From: Mike Robinson ------------------------------------------------------ You bring up several interesting points, answered inline: >> "The perfect currency unit" today is probably "the ACH wire-transfer = data packet."=20 >=20 > Oh dude.. you opened up a BIG can of worms. ACH is not the same as a = Wire although they are similar.=20 > They are fairly well controlled "file formats" [...] > You are talking about a transport method, a file format, a set of = rules for transferring the government issued and controlled currency we = commonly call a "dollar".=20 My point was that the ACH and wire-transfer systems are ... systems, = supposedly "secure" ... by which "Money" (strictly by-agreement) can be = transferred in real time from one place to another. Any "government = issued and controlled currency" can be transferred in this way, and such = transfers are accepted by all concerned ... without the need for = lugging-about gold bricks or printed paper. > Bitcoins have value because people agree that they do. Dollars have a = value set by the government AND various entities (other governments for = example) AND the general population reaching a consensus.=20 "Only" because people (currently) agree that they do. If someone stole = your Dollars, and you could catch them, then you could put them in jail = and make them give you your Dollars back. Bitcoins, on the other hand, = are "barter trade units" in the eyes of the law: "someone stole your = file." > Gold has intrinsic value, Bullets have a more easily used by common = people (that own guns) intrinsic value. A gallon of potable water has = intrinsic value.. Food has intrinsic value.=20 All of these things have "intrinsic value" only to the extent that they = are desirable. Gold has been capturing the human imagination for = millennia because it is pretty, malleable, and rare. (It has a = different sort of "intrinsic value" to an electrical engineer.) A = gallon of water is priceless in the Sahara; or about 80=A2 at the Golden = Gallon. Food is priceless to a starving-man, or on the dollar-menu at = Wendy's. (Maybe. Heh...) =20 > Dollars and bitcoins, litecoins, and other "non-anchored" currencies = have values that we, as a society mostly agree on. >=20 The =3Didea=3D =3Dof=3D a "Dollar" has value. The number in your = bank-account "has value" because, well, "because you can spend it." = Likewise the plastic cards in your wallet. Furthermore, if someone = misappropriates your account, or your wallet, you have legal recourse. = Your deposits are guaranteed up to a quarter-million dollars ... and it = does not make the slightest bit of difference to you where those = replacement Dollars came from. > They are easily exchanged and transported.=20 More specifically, they are "fungible." "Able to replace or be replaced = by another identical item; mutually interchangeable." They can be, by = agreement, "transported" (and "exchanged") by computer. They are also = =3Dliquid.=3D We will never run out of, say, Dollars. We will increase = the supply as necessary to ensure that anyone who wants to settle a = transaction using Dollars has, by definition, access to sufficient = Dollars to do so (if he is entitled to possess them, and sometimes even = if he's not). If there was even the slightest hint that this were not = so, we would instantly have "a run on the banks." > If Bitcoin reaches critical mass for larger transactions it will = change international commerce in interesting way.=20 Bitcoin is fundamentally based on the idea of "artificial scarcity." = They are "gold nuggets hidden in a vast quantity of dirt." They are = perceived as valuable to you because they are hard to get, and because = they are perceived as "things," that is to say, "unique." A dollar, on = other hand, is not unique at all. You don't get them by digging a hole = in the ground. (Most of us get them by writing computer programs; some = do it by selling food and water at Wendy's.) But it is their very = "scarcity" that makes them unusable as "a medium of exchange." "Money" doesn't have "value." "Money" is a medium of exchange; nothing = more or less. The "scam" issue arises from, not any technical fault of bitcoin per-se, = but rather of human nature: "money for nothing." People can be and are = persuaded to pay $5,000 USD for, literally, "a money-making machine." = The system is based on "trust," basically in the complexity of a = computer algorithm and on "one another" (most of whom are people you = have never met and never will), yet it lacks recourse. Thus, the = perception that "this IS a nugget of gold" can be fostered, and, having = thus been fostered, it can and therefore will be abused. The one = sure-fire way to turn a bitcoin into a fungible unit of currency is to = build and to sell a money-machine for $5,000. (I don't see them saying = that you can pay for 'em in bitcoin.) I have, personally, stood in the "sanctum sanctum" of a working gold = mine: the final step, in which a thin stream of gold is clinging to a = certain spot on the shaker-table and this stream is carefully scooped = up. (Other heavy-metals are basically discarded.) There is a GLEAM in = the eyes of the people who work for that mine when they stand in that = room. You know not to take one step closer to that table; not to make = the slightest move. They're nice gentlemen and you've been with them = all day, but ... but ... but. "Gold Fever." It is real, and it is an = inextricable -- and exploitable -- part of our human nature.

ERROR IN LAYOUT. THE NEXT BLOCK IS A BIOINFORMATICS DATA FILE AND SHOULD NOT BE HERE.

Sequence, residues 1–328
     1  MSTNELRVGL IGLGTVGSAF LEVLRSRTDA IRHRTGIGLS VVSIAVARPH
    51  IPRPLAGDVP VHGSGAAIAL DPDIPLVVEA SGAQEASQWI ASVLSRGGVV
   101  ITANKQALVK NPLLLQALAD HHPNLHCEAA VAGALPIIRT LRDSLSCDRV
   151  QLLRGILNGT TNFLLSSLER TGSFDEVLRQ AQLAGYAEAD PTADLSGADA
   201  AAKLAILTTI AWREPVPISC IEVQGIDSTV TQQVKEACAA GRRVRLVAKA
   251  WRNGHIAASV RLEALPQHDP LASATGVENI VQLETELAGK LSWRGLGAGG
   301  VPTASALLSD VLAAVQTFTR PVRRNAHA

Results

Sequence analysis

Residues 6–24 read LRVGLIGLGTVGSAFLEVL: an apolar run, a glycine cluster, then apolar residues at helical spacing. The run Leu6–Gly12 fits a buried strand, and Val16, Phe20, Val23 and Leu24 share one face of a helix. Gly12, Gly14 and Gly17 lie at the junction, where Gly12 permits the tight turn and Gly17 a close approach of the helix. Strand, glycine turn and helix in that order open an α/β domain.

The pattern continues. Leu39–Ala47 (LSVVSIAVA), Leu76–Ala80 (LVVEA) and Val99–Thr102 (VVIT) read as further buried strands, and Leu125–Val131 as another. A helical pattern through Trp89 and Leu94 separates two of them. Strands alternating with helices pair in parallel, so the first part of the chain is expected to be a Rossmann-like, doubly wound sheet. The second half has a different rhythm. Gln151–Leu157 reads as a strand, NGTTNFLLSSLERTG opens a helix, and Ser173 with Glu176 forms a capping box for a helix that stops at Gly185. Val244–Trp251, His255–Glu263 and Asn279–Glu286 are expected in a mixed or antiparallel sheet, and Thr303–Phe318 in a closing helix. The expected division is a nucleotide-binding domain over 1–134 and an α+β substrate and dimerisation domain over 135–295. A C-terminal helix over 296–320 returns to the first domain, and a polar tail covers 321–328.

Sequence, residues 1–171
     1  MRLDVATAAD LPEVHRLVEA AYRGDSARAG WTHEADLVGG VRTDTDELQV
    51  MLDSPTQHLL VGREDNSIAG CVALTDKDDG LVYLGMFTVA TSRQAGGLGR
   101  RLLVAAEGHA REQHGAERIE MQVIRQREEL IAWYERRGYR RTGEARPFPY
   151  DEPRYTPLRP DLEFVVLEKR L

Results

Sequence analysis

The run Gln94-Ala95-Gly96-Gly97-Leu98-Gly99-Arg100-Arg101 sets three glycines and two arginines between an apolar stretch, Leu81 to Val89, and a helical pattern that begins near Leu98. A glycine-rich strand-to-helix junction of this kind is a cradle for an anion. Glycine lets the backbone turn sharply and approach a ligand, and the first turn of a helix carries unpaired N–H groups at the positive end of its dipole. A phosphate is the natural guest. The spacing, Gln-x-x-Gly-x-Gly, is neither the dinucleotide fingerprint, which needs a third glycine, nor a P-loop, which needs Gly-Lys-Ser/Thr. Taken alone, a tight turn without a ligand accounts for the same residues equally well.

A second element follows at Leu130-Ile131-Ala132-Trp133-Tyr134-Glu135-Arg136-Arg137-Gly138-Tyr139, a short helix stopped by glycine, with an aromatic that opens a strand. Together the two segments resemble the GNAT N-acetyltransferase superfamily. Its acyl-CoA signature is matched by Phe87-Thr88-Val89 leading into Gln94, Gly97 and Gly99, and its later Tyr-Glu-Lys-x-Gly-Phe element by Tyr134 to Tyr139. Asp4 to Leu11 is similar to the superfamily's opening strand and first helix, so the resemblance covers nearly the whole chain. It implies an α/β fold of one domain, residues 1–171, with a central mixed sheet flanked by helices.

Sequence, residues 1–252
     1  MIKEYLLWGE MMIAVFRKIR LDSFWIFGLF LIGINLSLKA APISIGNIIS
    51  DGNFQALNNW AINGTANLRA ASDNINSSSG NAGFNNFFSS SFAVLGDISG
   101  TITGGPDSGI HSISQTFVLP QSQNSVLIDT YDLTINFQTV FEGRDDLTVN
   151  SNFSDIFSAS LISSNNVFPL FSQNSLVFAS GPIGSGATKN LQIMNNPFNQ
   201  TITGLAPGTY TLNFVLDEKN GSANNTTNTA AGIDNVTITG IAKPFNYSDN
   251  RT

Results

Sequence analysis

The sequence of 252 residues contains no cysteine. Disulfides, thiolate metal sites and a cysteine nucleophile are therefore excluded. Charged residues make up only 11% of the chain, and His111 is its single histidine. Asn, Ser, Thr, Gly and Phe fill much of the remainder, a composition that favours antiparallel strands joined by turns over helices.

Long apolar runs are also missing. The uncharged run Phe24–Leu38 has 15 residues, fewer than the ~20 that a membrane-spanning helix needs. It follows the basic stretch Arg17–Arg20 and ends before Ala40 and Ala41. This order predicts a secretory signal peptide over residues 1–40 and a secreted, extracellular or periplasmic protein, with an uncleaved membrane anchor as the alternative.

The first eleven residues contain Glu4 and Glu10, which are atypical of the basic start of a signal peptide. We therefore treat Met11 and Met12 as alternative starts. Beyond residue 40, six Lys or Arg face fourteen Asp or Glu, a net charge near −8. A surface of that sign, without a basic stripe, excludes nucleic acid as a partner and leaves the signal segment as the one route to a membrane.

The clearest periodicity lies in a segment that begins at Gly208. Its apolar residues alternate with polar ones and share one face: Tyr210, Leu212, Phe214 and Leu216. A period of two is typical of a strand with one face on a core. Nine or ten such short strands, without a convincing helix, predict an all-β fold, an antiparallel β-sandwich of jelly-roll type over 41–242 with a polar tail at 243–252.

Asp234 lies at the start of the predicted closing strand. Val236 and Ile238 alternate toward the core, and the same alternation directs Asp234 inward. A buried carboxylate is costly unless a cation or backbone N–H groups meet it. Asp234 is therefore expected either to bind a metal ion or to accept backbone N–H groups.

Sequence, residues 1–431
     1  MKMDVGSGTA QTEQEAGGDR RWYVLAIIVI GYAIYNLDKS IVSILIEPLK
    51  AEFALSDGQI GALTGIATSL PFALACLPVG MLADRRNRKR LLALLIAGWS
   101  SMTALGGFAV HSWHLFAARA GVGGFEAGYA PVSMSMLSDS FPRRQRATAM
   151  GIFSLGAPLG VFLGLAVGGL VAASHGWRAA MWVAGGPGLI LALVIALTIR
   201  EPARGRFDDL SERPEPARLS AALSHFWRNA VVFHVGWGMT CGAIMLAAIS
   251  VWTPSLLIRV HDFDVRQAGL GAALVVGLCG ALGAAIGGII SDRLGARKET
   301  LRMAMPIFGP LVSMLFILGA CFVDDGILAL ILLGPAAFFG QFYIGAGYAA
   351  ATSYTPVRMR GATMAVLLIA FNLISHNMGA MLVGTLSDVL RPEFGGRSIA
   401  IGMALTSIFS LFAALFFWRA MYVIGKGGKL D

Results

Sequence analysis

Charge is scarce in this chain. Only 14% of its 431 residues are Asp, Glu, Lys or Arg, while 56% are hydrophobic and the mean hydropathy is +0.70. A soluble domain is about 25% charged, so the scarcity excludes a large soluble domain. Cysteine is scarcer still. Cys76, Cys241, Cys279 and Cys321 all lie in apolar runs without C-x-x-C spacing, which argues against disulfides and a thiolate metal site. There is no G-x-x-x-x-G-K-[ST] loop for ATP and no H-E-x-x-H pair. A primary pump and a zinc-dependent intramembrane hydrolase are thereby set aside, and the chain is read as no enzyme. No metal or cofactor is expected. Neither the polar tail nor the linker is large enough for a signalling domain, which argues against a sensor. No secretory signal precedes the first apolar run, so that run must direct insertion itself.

From: Benjamin Stewart ------------------------------------------------------ We just replaced about 15 of these that had been in service for 15+ years. Old? Yes. Solid? Yes. They even tolerate environments with lots of metal-grinding dust in the air while never being cleaned! On Tue, Jul 23, 2013 at 8:08 AM, Bret McHone wrote: > To avoid thread hijacking I started a new one.. > > Just as a heads up to anyone interested on the list, I have about 10 > currently (and getting a lot more) old Baystack 450 switches. 24-port > managed 10/100 switches. I've been selling them for $20 a piece with > cascade module and cables. Some even have the 10/100/1000 Mbps fiber module > in them if anyone is interested. I may be willing to trade for beer or ammo > :) > > These are only L2 switches, but they are solid. They are configured > through the menu so they are pretty easy to setup. > > Thanks, > Bret > > On Jul 23, 2013, at 7:25 AM, Mike Harrison wrote: > > > On Mon, 22 Jul 2013, Dave Brockman wrote: > >> On 7/22/2013 3:39 PM, Mike Harrison wrote: > >>> I have a 24 port 3com SuperStack II 10/100 switch you can have, > >>> free. > > > >> I'll donate the shell(s) to put that thing out of its misery :) > > > > Sounds like a Chugalug Range Day: Geeks, Guns and Gear.. > > > > And like Dave said: It's junk gear, but it works and it's free.. > > > > In fear of sounding like Aaron, I need a clean out the garage/office > junk sale day.. > > > > > > > > > > > > > >
From: Bret McHone ------------------------------------------------------ To avoid thread hijacking I started a new one.. Just as a heads up to anyone interested on the list, I have about 10 currently (and getting a lot more) old Baystack 450 switches. 24-port managed 10/100 switches. I've been selling them for $20 a piece with cascade module and cables. Some even have the 10/100/1000 Mbps fiber module in them if anyone is interested. I may be willing to trade for beer or ammo :) These are only L2 switches, but they are solid. They are configured through the menu so they are pretty easy to setup. Thanks, Bret On Jul 23, 2013, at 7:25 AM, Mike Harrison wrote: > On Mon, 22 Jul 2013, Dave Brockman wrote: >> On 7/22/2013 3:39 PM, Mike Harrison wrote: >>> I have a 24 port 3com SuperStack II 10/100 switch you can have, >>> free. > >> I'll donate the shell(s) to put that thing out of its misery :) > > Sounds like a Chugalug Range Day: Geeks, Guns and Gear.. > > And like Dave said: It's junk gear, but it works and it's free.. > > In fear of sounding like Aaron, I need a clean out the garage/office junk sale day.. > > > > > > >